C static libraries
A library is where we can keep items that we might call later for our program, which will actually save us a lot of time.
But what is a static library in C?
Is a compiled file which contains the symbols that the main program needs to operate, such as functions and variables.
When we call a function in the main, the compiler will link that code wrote in main with the code of the function that is in the library, and it will be added.
Theres another type of library in C called dynamic library:
The process of compilation is still the same of the static libraries until it gets to the linker, add that point it will be added not the code of the function you called but the address where the function is located in the library.
But why should we use them?
Libraries provide you with many useful functions that will save you time by using them instead of waste time trying to create them.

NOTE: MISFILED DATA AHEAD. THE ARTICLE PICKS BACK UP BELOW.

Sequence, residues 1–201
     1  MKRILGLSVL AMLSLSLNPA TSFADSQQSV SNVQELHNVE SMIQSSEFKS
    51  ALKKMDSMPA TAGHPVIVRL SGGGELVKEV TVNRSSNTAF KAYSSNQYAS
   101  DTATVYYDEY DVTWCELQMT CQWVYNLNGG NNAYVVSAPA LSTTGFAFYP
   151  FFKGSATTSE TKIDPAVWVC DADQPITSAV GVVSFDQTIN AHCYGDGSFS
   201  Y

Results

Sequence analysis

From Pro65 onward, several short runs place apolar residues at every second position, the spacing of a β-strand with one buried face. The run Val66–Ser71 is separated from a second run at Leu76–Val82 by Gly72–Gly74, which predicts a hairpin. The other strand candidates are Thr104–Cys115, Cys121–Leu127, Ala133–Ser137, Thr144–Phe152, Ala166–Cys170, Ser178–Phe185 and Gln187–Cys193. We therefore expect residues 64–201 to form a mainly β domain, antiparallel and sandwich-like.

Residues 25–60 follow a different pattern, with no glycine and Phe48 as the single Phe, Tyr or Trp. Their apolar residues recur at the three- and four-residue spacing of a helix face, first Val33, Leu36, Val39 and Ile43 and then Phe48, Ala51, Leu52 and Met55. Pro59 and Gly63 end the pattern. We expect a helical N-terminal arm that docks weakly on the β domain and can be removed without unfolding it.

How to create a static library in Unix? How it works?
- Compile and assembly your .c file with the command: “gcc -c *.c” (with the “-c” flag we make sure it compiles and assemble but not link) and will create the “.o” extension file which mean object code.
gcc -c *.c
Example_file.c Example_file.o Hello_world.c Hello_world.o
2. Then we use the command “ar” which means archiver to create a static library adding an “rc” which stands for “replace” older objects with the new one and “create” library if it doesnt exist.
ar rc Example_library.a Example_file.o Hello_world.o
ar rc Example_library.a *.o
This command creates a static library called Example_library.a and puts copies of the object files Example_file.o, Hello_world.o in it. As you can see in the last line we used the “*.o” command which means it will copy all the files ending with “.o”.
But how do we use libraries?
After we create (modified) them, we just need to index it by the “ranlib” command.